You may not like this part, but we had guns while my son was growing up.  Guns were in a locked closet.  Ammo was in a different locked closet.  It made me nervous.  So, when the boy was in 4th grade, he took him to a shooting range and taught him how to use a gun.  He got kicked in the cheek by a powerful gun, knocked on his behind by another powerful gun.  He GOT IT about guns.  Aside from the fact that he had no access to the gun closet or the ammo closet, I’m glad my husband did that.  Our boy was no longer curious, it was no longer the forbidden fruit.  I would never have done that, and I was scared the whole time they were out there shooting “stuff.”

My husband had a massive heart attack and passed away on our bed when our son was 17.  We watched it happen, while the EMT men were trying to save his life.  That was about 3 years ago.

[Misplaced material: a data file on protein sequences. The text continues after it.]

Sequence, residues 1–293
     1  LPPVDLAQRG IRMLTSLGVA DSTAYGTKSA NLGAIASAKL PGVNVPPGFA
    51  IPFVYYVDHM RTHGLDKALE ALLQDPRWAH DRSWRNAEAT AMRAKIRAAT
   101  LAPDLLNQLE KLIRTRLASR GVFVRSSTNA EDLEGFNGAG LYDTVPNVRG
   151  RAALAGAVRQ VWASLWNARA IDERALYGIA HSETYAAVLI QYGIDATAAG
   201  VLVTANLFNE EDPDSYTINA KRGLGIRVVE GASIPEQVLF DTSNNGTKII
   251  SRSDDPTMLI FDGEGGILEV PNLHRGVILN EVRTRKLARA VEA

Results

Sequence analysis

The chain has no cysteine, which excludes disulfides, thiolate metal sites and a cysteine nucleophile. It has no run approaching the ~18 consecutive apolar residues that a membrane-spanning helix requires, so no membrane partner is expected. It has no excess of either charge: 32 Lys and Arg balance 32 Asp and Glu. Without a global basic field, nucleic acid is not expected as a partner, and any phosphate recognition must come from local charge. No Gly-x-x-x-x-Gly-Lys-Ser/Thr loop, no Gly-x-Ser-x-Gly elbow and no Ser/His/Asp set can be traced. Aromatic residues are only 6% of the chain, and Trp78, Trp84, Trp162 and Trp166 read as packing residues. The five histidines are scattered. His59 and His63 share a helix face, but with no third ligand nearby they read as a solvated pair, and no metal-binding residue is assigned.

I’m glad my son had 17 years with a father who was devoted to him.  I’m grateful for the lessons he learned that only a father could teach him.  My son still has devoted uncles.  They are always ready to talk with my son, always ready to be a surrogate father to my son.  It is not the same as my son having his own father, but it’s a pretty close second.

Now, on to my own father.

My dad is a Veteran of WWII.  He and my Mother raised my brother to be a fine man.  We did a lot of things together as a family.  Still, there are certain things between my Father and my brother that are just between them.  Personally, I think “guy stuff” is good.

My earliest remembrances of my Father:  Rubber-banding our feet together while he taught me how to dance (Glenn Miller album), teaching me how to swim, helping me get over my fears and do a perfect jack-knive from the high board in the town’s swimming pool, helping me learn my multiplication tables and how to tell time (in the kitchen, after dinner), helping us bury our beloved little dog in the back yard.  I am blessed to call him my Father.

Speaking of which:  My Father passed away in 2003.  My Husband passed away in 2007.  I’m glad my son spent many years with both of these fine men, a wonderful Father and a wonderful Grandfather.  My son also has uncles, with whom he is close, who were raised by fine men who were fathers.